Texas Jail Project About Inmate Stories Reports In The News Jailhouse Stories Pregnancy In Jails In Your Community Contact

Texas Inmates with MRSA Staph?

Jan 11th, 2012 | By | Category: Pretrial Detention

“Punishment for crimes does not mean subjecting people to deadly   diseases.” That is from a story you should read if you know anybody who went into a county jail and caught MRSA staph. Or if you know anyone who already had staph and the jail wouldn’t treat their infection. Also, please email info@texasjailproject.org  about any   such cases in Texas.

Seattle Times – Federal Lawsuit

By Mike Carter, Seattle Times staff reporter

 A former King County Jail inmate has filed a federal civil-rights lawsuit against the King County Jail after he contracted an antibiotic-resistant infection while behind bars.

Matthew Wisecarver alleges that unsanitary conditions in the jail in May 2007 resulted in his being infected with Methecillin-resistant Staphylococcus aureus, or MRSA, that required him to be hospitalized after his release.

Wisecarver, 41, who has a history of drug and domestic-violence arrests, is seeking to have the lawsuit certified as a class-action.

MRSA is a highly infectious bacteria that does not respond to many commonly used antibiotics.

At least one inmate, Patrick Harrington, died in 2004 as a result of an untreated infection. An autopsy showed MRSA was present in his wounds.

In the year before Harrington died, the reported number of resistant staph infections in the King County jails exploded from 291 to 623, according to Health Department statistics.

The lawsuit follows a U.S. Department of Justice report issued in November which ripped the county jail and Public Health — Seattle and King County for operations at the jail, including its inability to control infectious diseases.

Department of Justice investigators pointed out that a key component to preventing the disease is good hygiene, but said it is lacking in the downtown King County Jail. For example, the Justice Department pointed out that inmates are given a single pair of underwear during their entire jail stay, which they are responsible for washing themselves.

The department concluded that inmate health care falls “below the constitutionally required standards.”

Jail officials concede that infections occur, and have said in the past they have been working on protocols to prevent and treat it.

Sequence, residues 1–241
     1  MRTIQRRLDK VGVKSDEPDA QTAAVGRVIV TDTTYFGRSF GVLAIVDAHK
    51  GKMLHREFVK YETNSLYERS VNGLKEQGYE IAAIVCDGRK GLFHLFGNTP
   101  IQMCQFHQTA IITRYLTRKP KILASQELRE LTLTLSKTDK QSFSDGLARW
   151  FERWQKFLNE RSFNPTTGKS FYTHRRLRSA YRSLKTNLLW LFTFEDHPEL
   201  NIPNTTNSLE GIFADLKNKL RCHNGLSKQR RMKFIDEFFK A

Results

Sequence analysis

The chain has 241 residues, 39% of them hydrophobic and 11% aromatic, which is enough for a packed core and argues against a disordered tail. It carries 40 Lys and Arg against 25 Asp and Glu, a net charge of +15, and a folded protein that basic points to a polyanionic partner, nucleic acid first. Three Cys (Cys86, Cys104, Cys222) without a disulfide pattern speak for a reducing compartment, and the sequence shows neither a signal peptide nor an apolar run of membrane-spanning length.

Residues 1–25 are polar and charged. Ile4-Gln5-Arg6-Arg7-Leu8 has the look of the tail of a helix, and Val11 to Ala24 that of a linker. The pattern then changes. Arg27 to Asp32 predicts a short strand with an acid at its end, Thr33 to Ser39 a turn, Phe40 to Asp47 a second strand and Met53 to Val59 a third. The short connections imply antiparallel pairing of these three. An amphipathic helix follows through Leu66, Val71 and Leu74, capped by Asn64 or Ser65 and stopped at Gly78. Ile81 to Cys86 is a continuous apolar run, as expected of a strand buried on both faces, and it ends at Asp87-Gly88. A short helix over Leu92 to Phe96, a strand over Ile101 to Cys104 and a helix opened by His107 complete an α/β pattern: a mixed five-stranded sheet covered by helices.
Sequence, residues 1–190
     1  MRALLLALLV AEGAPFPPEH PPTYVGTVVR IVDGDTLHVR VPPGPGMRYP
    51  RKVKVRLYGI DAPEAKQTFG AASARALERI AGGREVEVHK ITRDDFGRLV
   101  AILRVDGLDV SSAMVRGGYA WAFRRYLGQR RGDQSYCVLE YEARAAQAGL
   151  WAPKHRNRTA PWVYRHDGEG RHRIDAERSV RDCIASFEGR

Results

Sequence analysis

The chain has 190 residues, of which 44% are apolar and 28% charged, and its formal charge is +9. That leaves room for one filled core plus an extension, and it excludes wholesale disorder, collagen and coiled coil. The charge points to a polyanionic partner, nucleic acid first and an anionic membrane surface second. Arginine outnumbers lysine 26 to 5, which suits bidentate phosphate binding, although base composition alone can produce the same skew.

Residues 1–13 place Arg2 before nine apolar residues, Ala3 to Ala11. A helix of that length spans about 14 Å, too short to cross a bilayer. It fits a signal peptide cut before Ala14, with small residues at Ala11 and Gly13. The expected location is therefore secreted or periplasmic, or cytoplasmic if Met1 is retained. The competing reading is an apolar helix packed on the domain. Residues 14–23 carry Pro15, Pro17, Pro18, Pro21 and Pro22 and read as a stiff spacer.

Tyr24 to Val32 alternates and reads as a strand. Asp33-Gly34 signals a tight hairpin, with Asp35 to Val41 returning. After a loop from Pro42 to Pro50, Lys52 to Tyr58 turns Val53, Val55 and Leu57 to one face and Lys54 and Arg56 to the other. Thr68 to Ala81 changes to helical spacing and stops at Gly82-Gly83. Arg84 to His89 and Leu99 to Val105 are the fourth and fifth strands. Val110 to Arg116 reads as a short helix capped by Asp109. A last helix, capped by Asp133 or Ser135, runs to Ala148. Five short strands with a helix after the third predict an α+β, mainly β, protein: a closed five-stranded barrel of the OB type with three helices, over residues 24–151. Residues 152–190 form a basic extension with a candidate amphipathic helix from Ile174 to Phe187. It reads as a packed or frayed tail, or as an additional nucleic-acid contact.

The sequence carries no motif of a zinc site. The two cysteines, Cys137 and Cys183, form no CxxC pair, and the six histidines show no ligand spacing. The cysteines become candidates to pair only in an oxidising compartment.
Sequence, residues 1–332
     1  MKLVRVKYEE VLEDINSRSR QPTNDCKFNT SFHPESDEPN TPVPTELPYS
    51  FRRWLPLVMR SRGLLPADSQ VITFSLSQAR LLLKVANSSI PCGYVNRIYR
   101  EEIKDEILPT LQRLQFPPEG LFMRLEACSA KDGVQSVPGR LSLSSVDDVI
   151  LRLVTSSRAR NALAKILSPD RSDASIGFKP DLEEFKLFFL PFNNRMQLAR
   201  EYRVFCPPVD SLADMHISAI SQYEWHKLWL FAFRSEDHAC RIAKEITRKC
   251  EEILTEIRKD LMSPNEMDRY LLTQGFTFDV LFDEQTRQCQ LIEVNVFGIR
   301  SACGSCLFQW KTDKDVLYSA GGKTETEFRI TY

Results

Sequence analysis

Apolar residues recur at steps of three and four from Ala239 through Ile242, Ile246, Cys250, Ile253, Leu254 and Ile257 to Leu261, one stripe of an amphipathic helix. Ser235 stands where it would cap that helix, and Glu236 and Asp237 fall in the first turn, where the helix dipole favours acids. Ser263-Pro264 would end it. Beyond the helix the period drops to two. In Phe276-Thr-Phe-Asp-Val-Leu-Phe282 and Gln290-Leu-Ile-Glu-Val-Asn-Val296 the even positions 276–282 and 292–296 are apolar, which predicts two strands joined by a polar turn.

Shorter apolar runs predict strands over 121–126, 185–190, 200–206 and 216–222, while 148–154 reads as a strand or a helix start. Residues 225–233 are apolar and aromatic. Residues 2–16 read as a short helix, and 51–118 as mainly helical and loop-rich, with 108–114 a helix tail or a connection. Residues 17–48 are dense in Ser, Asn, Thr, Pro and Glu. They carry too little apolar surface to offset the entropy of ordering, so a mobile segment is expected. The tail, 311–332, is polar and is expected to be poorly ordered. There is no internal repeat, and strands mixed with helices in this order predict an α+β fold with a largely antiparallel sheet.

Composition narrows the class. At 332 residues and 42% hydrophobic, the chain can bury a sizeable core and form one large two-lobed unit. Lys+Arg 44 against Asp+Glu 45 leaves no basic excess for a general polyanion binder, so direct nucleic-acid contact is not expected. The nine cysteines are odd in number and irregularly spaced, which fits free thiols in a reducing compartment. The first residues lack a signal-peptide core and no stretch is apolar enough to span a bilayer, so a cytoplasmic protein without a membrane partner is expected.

The Health Department did not immediately respond to a request for comment on Wisecarver’s lawsuit.

Eric Heipt, one of Wisecarver’s attorneys, said that when the government uses its power to take someone’s freedom, the Constitution requires “minimally acceptable conditions of confinement.

“Punishment for crimes does not mean subjecting people to deadly diseases,” he said.

Mike Carter: 206-464-3706 or mcarter@seattletimes.com

6 Comments to “Texas Inmates with MRSA Staph?”

  1. Anonymous says:

    My husband is in federal prison at Texarkana. He has been there less than six months and has had staph infection twice. I don’t think they are doing cultures to find out what he has as the antibiotics don’t work. Every time he gets off them….he gets sick again and feels worse. Is there anything I can do from out here to try and get him better care?

    • admin says:

      Answering you with a loved one in the Texarkana federal prison: This is a tough one because it’s the feds. We work on county jails and TIFA (Texas Inmate Families Association) and Texas CURE work on state prisons, but they may have some suggestions. They both have websites.

      If it were me, I would Google: “Who do I complain to about medical care in a federal prison?” And also use Google to find the federal prison website for that prison and write the warden a letter!
      I hope that helps a little!

  2. Anonymous says:

    I had a small cut when put into nueces county jail. It turned into a bad infection overnight. the nurse looked at it and put neosporin and a bandaid. she said to have the doctor look at it immediately the next morning, as it was a boil or staph infection. the next morning came and i told the jailer, several jailers actually, what the nurse had told me. I was not allowed to see the doctor, was not allowed a new bandaid, and was yelled at to quit asking about it. I asked over the next 2 days repetedly to several different guards, and a seargent or two. The staph infection was never treated, no neosporin or antibiotic. i kept the same bandaid 4 days. each day it got twice as bad. I was not even given a hygine kit, and could not shower. I was only in there sun, mon, tues, and wed. I was released today. I am going to the ER in the morning to have it taken care of. my arm is killing me and my skin is black, yellow, red. What can i do about this? any suggestions?

    • admin says:

      Yes, we have suggestions and I am glad you wrote about this. This is such a dangerous jail when it comes to medical care. Will be writing you at the email address you sent separately.

  3. Chris says:

    Hi, I’m writing because I was just made aware that my father has contracted a staph infection from a jail in Hunt County Texas. I am unaware if they are giving him the proper medical attention as they are not allowing him to make any phone calls while in solitary confinement for the infection. Do you have any suggestions on what I could do? Or if you know if this is protocol? Thank you so much!

  4. blue says:

    I did 67 days in harris county jail in Houston texas and I contracted mrsa a few week ago luckily after 4 dayz of no improvement they sent me to the hospital for 2 and a half dayz…There were 2 other ppl with staph in my tank the clothes towels blankets and sheets aren’t suffiently cleaned they smell disgusting…

Leave a Comment

Name: Email: (Email will not be made public.)